Fukagata et al. (2006)
1. Drag reduction and heat transfer enhancement in wall-turbulence

The skin friction drag in turbulent flow on a wall is significantly larger than the laminar flow at the same Reynolds number. This is a major cause of energy loss in the high-speed transportation such as high-speed trains, aircrafts, ships. In this study, we attempt to reduce such friction drag by using active control or passive control techniques. We also attempt to enhance heat transfer while keeping the friction drag at the same level.
2. Drag reduction and suppression of vibration in flow around a bluff body

Also in the flow around a bluff body, such as circular and square cylinders, the drag (mainly pressure drag) can cause energy loss. Flow around a bluff body often separates to alternately emit vortices in the wake, which will cause vibration and noise. In this study, we attempt to reduce these by using active or passive control technique. As one of the passive control techniques, we also attempt to dynamically optimize the shape of bluff bodies by using numerical simulations.
Naito & Fukagata, Phys. Fluids (2012)
hasebe-kiron11.jpg3. Suppression of wing-tip vortices

The vortex generated at the tip of a wing, called "wing-tip vortex," will remain far downstream of the wing. It causes so-called "wake turbulence" and limits the interval between takeoff and landing of aircraft. In this study, we attempt to suppress the wing-tip vortex by active control techniques using e.g. plasma actuators. By using wind tunnel experiments and numerical simulations, we first clarify the dependency on the angle of attack and the generation mechanism of wing-tip vortex, and investigate the effect of actuation.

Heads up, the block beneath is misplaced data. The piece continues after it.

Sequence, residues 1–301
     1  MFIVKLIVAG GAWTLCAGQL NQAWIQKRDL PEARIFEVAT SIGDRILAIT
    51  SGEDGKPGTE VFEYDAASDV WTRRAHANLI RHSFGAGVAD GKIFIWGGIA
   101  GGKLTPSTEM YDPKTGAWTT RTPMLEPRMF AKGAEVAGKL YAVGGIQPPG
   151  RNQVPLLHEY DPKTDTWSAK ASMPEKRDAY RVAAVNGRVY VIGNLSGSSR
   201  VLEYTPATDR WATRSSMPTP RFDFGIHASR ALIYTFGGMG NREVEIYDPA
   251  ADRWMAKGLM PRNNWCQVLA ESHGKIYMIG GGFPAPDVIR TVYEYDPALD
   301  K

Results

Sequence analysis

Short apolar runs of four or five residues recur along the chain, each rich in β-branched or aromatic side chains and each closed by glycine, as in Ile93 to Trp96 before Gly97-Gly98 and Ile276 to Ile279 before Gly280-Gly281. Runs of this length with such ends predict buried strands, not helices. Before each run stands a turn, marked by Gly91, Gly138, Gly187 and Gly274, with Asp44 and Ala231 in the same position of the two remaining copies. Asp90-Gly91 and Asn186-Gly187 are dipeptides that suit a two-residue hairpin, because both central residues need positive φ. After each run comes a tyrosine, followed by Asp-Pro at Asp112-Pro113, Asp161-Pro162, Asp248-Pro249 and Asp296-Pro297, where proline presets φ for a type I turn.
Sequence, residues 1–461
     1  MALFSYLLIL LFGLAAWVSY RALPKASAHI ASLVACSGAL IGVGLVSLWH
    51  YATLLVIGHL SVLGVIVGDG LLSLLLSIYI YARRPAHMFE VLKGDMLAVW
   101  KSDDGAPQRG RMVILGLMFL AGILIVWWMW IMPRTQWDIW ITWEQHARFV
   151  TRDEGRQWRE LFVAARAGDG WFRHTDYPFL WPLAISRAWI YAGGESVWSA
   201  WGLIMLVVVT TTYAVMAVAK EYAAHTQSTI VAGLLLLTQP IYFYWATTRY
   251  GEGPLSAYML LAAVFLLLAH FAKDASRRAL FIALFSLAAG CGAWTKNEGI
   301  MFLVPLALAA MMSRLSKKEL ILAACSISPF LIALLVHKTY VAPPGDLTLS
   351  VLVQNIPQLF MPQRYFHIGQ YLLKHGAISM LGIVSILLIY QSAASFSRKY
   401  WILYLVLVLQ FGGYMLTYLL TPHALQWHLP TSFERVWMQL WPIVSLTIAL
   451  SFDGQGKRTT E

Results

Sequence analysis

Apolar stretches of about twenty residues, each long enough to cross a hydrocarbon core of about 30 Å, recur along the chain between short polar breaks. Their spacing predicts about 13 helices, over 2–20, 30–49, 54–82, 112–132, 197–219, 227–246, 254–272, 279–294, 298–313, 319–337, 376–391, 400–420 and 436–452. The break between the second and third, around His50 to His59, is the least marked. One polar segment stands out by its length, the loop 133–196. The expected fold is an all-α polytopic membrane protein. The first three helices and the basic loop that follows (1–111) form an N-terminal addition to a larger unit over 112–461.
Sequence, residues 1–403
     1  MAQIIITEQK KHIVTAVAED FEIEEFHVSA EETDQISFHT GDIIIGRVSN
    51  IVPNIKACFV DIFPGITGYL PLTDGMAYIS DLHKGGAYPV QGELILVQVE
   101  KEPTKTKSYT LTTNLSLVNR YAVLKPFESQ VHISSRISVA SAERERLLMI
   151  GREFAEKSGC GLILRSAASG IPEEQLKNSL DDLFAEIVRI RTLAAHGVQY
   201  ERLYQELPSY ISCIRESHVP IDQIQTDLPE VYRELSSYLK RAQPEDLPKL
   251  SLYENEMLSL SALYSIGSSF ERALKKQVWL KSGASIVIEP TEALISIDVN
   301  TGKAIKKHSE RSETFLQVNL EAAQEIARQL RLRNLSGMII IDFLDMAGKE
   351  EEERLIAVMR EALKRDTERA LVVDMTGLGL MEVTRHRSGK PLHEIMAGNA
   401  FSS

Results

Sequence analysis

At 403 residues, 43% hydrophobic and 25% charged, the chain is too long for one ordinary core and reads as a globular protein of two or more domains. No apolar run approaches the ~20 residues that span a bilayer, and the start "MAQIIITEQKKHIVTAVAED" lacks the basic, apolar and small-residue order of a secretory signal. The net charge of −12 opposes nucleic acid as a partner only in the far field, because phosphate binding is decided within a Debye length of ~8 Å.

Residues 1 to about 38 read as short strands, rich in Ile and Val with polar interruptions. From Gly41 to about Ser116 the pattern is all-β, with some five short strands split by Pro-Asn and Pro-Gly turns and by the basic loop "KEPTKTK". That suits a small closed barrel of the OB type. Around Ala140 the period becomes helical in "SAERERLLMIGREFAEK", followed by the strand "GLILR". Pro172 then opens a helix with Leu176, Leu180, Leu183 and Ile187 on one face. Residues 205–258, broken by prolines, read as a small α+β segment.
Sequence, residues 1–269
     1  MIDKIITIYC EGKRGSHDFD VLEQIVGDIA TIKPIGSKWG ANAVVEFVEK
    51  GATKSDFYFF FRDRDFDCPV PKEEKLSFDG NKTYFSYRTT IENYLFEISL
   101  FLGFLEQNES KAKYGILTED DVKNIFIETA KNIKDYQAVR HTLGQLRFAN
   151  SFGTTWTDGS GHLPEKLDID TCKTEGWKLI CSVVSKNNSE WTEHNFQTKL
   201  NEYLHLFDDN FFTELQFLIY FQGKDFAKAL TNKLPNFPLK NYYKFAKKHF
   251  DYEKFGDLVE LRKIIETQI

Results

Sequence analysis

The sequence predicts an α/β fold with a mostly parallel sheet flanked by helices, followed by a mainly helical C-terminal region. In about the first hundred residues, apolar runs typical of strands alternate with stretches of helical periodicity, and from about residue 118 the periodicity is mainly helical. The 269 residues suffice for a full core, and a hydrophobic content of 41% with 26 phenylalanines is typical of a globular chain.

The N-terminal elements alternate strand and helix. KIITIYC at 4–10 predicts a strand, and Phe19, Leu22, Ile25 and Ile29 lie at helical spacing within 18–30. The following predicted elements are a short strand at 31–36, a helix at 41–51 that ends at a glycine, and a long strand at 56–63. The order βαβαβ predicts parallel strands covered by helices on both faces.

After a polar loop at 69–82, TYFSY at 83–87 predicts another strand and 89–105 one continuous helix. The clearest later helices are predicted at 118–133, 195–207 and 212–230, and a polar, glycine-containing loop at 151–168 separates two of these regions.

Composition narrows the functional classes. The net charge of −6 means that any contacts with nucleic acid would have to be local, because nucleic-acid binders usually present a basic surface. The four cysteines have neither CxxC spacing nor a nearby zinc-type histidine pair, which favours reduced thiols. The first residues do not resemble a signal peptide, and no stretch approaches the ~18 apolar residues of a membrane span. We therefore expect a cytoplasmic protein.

4. Control of mixing layer

"Mixing layer," a layer involving two different streams such as the flow of fuel and oxidizer in engines, can be seen everywhere. If we can flexibly suppress or promote this mixing, more efficient and clean combustion can be achieved. On the other hand, in a small-scale flow, such as that in bio-chips, two reagents do not easily mix with each other; we need to actively promote mixing. In this study, we aim at flexible control of these mixing layers by means of experiments and numerical simulations.
Hoepffner et al., J. Fluid Mech. (2011)
Tamura & Fukagata (2010)
5. Numerical simulation of two-phase flows

The target of flow control is not only single-phase flows, but also multiphase flows composed of different fluids. In bio-chips, for instance, it is needed to predict the behavior of cells in the fluid and to control it. For friction drag reduction using superhydrophobic surfaces like lotus leaves, we need to understand the behavior of air-water two-phase flow under shear. Even today, numerical simulation of multiphase flows is a challenging issue involving many difficulties. We are conducting study in order to overcome these difficulties.
6. Development of actuators for flow control

Once the effect of proposed active control technique has been confirmed by numerical simulation, we will verify it by physical experiment. Actuators are required on that stage. In this study, we develop actuator devices, such as piezo-film actuators and plasma actuators and evaluate their characteristics and performance. Numerical simulation is also used to study the detailed working principle and to improve the actuator performance.
Fukagata et al., Nagare (2010)
Nakayama et al. (2012)
7. Development of dynamic parameter-optimization methods

Problems of flow control and shape optimization of a body in flow eventually require optimization of multiple parameters so as to minimize (or maximize) the prescribed cost function. In this study, we develop control theory-based methods to dynamically optimize such parameters while running flow simulation.


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Last-modified: 2016-11-22 (Tue) 06:15:47 (305d)
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